UPDATE 1-Alphabet to develop high-tech site in Toronto - sources

(Adds details on Sidewalk Labs involvement, Google plans)

OTTAWA/TORONTO, Oct 17 (Reuters) - Alphabet Inc, the owner of Google, will announce plans to help develop a section of Toronto's waterfront on Tuesday, in the biggest project disclosed so far by its Sidewalk Labs unit that is using new technologies to develop high-tech urban areas.

Google will be the anchor tenant at the site that Sidewalk Labs - which designs, tests and builds new technologies for "smart cities" - will develop, two sources familiar with the plan said.

Sidewalk Labs won a contract to develop a 12-acre site named Quayside on the waterfront of Lake Ontario in a project funded by Waterfront Toronto, a public agency funded by federal, provincial and city governments.

Canadian Prime Minister Justin Trudeau will announce the agreement in Toronto on Tuesday with Alphabet Chairman Eric Schmidt and Sidewalk Labs chief Dan Doctoroff, one of the sources said.

Sidewalk Lab's website says it wants to develop a "large-scale district that can serve as a living laboratory for urban technology." The unit has teams that work on housing affordability, healthcare for underserved populations and "smart" traffic management.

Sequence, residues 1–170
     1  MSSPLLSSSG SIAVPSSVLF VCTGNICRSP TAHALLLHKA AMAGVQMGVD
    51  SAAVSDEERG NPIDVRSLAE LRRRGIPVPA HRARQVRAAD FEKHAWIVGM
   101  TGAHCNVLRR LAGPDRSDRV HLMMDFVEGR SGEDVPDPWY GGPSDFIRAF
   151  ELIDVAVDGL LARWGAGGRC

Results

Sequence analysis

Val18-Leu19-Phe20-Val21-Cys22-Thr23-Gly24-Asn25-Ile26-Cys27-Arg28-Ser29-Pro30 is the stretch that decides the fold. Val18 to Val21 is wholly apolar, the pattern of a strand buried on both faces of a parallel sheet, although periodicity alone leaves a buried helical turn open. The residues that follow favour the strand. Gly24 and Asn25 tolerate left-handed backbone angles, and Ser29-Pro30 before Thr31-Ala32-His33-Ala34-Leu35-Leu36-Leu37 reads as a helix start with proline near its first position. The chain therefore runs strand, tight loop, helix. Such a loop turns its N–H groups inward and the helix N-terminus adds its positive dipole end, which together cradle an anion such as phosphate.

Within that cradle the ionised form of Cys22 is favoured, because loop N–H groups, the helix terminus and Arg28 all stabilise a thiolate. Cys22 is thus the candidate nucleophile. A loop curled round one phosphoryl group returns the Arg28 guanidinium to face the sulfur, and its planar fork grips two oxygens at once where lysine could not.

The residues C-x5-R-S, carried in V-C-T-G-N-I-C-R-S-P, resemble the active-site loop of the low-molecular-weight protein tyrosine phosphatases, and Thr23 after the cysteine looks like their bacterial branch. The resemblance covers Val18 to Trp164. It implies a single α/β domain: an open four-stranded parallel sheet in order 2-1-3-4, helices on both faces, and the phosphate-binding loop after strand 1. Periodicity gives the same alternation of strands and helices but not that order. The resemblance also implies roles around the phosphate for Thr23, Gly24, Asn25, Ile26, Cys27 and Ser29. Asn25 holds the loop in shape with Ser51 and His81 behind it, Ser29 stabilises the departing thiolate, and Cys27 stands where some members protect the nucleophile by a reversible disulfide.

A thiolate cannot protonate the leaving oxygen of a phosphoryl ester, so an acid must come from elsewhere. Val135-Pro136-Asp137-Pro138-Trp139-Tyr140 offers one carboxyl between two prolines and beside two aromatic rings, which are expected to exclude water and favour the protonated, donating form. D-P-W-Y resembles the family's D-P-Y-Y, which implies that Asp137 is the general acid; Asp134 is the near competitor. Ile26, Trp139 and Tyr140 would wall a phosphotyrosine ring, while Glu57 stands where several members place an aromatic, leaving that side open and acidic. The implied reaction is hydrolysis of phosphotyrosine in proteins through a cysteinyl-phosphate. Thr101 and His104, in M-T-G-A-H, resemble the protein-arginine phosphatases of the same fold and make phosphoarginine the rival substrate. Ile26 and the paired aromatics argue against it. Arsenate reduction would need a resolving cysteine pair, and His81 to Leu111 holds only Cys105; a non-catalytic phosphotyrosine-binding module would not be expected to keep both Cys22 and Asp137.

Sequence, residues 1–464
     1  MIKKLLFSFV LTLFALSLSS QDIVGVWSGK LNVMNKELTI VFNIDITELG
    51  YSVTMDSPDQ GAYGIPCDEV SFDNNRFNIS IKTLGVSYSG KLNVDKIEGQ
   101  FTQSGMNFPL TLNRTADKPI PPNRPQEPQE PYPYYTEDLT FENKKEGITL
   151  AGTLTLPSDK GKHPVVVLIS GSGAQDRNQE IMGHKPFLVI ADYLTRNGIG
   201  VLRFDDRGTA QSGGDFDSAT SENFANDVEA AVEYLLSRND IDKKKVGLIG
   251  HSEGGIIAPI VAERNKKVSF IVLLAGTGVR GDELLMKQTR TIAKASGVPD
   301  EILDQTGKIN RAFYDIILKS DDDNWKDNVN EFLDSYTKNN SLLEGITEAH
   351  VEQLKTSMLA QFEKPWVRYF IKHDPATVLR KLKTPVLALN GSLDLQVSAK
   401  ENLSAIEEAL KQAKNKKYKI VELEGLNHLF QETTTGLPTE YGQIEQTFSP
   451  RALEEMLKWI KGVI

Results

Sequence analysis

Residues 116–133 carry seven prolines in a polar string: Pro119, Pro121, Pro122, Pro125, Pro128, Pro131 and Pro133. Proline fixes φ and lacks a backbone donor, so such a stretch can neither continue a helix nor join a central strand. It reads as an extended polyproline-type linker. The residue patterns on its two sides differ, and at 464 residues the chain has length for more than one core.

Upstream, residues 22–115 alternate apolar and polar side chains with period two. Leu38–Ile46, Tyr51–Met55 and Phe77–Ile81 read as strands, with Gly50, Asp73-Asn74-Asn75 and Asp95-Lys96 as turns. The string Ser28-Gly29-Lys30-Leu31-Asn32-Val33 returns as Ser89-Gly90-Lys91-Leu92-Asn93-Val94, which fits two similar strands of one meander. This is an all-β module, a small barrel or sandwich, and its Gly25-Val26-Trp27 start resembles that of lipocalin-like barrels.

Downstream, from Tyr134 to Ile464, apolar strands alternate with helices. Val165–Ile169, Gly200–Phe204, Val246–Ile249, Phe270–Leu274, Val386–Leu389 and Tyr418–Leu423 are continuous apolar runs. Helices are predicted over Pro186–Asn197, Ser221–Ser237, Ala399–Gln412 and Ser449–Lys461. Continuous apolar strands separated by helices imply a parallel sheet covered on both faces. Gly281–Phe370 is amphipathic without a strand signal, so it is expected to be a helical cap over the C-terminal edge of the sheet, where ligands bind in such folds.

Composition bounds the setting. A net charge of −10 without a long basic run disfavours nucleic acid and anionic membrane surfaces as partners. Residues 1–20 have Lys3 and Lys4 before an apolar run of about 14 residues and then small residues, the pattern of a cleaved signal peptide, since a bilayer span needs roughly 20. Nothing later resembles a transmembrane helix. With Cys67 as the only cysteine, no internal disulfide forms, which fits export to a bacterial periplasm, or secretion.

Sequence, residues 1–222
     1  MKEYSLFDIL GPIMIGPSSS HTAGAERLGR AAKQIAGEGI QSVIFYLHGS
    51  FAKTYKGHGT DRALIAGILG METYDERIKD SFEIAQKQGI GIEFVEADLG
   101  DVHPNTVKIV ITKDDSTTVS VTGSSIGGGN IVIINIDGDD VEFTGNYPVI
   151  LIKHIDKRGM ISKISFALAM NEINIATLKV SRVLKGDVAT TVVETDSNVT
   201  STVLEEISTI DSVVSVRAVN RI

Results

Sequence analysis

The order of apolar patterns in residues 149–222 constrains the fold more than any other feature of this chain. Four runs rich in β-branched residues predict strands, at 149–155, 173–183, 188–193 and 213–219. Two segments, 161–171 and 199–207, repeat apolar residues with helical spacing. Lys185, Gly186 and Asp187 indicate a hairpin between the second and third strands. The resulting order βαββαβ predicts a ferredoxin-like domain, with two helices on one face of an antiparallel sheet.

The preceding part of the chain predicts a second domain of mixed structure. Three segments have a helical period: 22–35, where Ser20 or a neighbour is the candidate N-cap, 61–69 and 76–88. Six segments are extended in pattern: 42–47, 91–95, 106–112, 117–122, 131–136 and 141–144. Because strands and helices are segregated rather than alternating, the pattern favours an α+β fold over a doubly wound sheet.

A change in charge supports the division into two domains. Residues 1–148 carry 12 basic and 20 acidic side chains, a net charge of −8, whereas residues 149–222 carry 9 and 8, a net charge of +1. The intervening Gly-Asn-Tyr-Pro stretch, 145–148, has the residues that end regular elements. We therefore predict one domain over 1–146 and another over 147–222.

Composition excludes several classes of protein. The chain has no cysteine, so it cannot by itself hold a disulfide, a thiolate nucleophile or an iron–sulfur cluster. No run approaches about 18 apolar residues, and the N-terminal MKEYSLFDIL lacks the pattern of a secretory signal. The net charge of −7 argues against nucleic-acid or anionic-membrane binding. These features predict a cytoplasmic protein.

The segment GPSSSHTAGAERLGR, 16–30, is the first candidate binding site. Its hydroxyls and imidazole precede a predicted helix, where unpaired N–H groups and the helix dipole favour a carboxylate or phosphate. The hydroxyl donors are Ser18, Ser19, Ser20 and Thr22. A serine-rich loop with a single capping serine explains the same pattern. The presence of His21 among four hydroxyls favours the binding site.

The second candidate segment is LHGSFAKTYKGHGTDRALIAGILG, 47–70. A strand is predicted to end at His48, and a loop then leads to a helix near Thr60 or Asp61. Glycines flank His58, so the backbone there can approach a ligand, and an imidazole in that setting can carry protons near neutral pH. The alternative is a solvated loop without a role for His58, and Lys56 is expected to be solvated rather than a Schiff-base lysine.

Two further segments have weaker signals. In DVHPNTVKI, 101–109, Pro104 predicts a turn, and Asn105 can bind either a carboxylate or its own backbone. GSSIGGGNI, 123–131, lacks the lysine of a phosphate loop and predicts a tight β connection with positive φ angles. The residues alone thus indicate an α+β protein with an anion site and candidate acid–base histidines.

Google will move some 300 employees in Toronto to the new space, one of the sources said, including a team from its Google Brain unit led by artificial intelligence pioneer Geoffrey Hinton.

The company will continue to boost its engineering operations in the Kitchener-Waterloo area, which is about 90 kilometers (56 miles) west of Toronto.

Sidewalk Lab's has previously worked with Qualcomm Inc and Civiq Smartscapes to retrofit New York City phone booths into digital billboards that serve as WiFi hotspots.

Intersection, the Sidewalk Labs subsidiary behind the effort, recently launched similar kiosks in London. Another division, Flow, has held talks with cities such as Columbus, Ohio, about providing software to evaluate transit programs. (Reporting by Andrea Hopkins in Ottawa and Alastair Sharp in Toronto; Editing by Jim Finkle and Paul Simao)